10 Largest Steam Locomotives Ever Built

Few machines are as impressive as locomotives, with their sleek appearance and staggering hauling power. Steam-powered locomotives were the first type of locomotives built, ushering in a new industrialized era with promises of more efficient cargo hauling and passenger travel. These locomotives were often extremely durable, with some of them even running to this day.

So just how large can steam locomotives get? There are plenty of different factors that can be taken into account while determining a locomotive’s overall “size,” including everything from length to traction effort and horsepower. Today, however, we’ll be ranking the 10 largest steam locomotives ever built according to their weights in order to see how they compare.

  1. Norfolk & Western Y-Class

Weight: 495 short tons
Manufacturer: Roanoke Shops
Horsepower: 5,600
Year Built: 1940

Norfolk & Western Y-Class  Source: wikimedia.org

Although the Norfolk & Western Y-Class isn’t the largest steam locomotive, it was the strongest in the world while it was up and running. It retired from regular rail service back in 1959, but Norfolk & Western kept its steam locomotives highly active until the 1960’s. They traveled in a network radiating outwards from Roanoke, despite competition from the rising popularity of diesel engines trains.

Did You Know?

The final surviving Norfolk & Western Y-Class locomotive is now on display at the Virginia Museum of Transportation.

  1. PRR Q2

Weight: 503 short tons
Manufacturer: Altoona Works
Horsepower: 7,987
Year Built: 1941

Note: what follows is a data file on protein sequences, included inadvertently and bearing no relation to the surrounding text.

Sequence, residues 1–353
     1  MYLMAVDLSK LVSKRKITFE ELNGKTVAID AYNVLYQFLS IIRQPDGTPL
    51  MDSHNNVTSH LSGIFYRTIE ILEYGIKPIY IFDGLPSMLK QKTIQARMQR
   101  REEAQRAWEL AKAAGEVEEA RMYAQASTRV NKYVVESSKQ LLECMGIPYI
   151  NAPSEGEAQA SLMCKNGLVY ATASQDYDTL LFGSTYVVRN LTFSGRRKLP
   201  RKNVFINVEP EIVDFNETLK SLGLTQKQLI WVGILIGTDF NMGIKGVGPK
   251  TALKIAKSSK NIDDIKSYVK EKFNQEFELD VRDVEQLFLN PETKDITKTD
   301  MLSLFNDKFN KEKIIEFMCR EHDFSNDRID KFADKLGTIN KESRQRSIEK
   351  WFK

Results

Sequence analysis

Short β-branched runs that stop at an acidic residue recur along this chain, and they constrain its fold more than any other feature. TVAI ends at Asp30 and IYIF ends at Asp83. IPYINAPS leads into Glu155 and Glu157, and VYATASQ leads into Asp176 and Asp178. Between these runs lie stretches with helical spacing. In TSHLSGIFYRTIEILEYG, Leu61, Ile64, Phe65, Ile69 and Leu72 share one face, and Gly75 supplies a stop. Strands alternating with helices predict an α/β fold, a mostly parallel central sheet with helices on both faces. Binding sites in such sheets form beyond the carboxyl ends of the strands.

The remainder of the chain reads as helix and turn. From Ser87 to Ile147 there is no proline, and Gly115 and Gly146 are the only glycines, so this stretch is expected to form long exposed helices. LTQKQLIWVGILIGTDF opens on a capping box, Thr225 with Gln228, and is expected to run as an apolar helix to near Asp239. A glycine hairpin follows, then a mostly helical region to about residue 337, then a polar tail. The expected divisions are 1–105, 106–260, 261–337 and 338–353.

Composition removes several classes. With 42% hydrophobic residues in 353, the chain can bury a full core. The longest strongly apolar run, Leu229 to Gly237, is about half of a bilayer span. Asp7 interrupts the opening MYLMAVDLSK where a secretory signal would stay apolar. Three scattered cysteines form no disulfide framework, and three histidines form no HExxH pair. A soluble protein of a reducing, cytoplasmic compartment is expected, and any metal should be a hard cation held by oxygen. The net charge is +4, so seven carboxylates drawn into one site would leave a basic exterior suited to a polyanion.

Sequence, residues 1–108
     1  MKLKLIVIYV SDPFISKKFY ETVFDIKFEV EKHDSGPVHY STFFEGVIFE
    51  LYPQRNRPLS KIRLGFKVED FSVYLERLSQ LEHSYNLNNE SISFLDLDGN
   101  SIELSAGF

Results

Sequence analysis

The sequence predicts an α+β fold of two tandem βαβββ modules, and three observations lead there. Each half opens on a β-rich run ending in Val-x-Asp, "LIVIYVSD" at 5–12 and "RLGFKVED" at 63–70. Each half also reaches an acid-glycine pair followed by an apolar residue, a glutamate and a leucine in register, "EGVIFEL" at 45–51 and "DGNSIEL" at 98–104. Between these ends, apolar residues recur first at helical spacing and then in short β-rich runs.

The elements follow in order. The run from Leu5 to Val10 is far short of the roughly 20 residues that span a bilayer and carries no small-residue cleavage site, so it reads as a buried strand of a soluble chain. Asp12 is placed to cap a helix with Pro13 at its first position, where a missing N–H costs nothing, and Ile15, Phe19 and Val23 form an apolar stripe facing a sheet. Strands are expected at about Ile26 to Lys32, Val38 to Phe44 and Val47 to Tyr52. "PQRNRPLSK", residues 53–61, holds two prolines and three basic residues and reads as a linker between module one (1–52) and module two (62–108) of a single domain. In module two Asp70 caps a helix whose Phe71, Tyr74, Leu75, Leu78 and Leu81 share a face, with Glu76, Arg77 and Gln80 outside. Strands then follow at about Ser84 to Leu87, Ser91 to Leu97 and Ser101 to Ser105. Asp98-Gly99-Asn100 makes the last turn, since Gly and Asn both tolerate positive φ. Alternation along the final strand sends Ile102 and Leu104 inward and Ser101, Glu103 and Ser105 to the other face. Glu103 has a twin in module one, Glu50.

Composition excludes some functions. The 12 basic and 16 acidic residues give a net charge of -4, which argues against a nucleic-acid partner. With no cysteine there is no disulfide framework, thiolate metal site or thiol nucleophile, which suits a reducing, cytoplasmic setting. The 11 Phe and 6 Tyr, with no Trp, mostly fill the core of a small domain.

PRR Q2  Source: wikimedia.org

While the PRR’s static test plant verified 7,987 horsepower after testing, some people argue that the impressive PRR Q2 actually reached a full 8,000 horsepower and was the most powerful locomotive to ever have been static tested. This astounding machine was so powerful that it could reach speeds of 50 MPH with a full 125 freight cars in tow!

Did You Know?

The PRR Q2 weighed over a million pounds and boasted no major performance or design flaws.

  1. PRR S2

Weight: 518 short tons
Manufacturer: Baldwin Locomotive Works
Horsepower: 6,900
Year Built: 1944

PRR S2  Source: wikimedia.org

Another of the PRR’s experimental steam locomotives, the PRR S2 utilized two direct-drive steam turbines–one each for forward and reverse motion. This locomotive was originally intended to be much lighter, but World War II resulted in light steel alloy restrictions alongside delaying the PRR S2’s construction schedule. The added weight resulted in the need for six-wheel leading and trailing trucks to provide extra pushing power.

Did You Know?

The PRR S2 was able to successfully reach 97% mechanical efficiency, meaning that only 3% of the steam power was lost during propulsion.

  1. Challenger

Weight: 535 short tons
Manufacturer: ALCO
Horsepower: 5,000
Year Built: 1936

Challenger  Source: wikimedia.org

With a 14-wheel build and the capacity to carry 25,000 gallons of water, the Union Pacific Challenger easily topped a million pounds in weight. The Challengers were originally designed for speedy freight service, but expanded their repertoire to occasionally include passenger transportation. Only two Union Pacific Challengers remain intact today, one of which is the impressive Union Pacific 3985.

Did You Know?

The American Locomotive Company (ALCO), which manufactured the Challenger, prided itself on incorporating cutting-edge technologies alongside its reliable, high-quality manufacturing

  1. PRR S1

Weight: 537 short tons
Manufacturer: Altoona Works
Horsepower: 7,200
Year Built: 1939

PRR S1  Source: wikimedia.org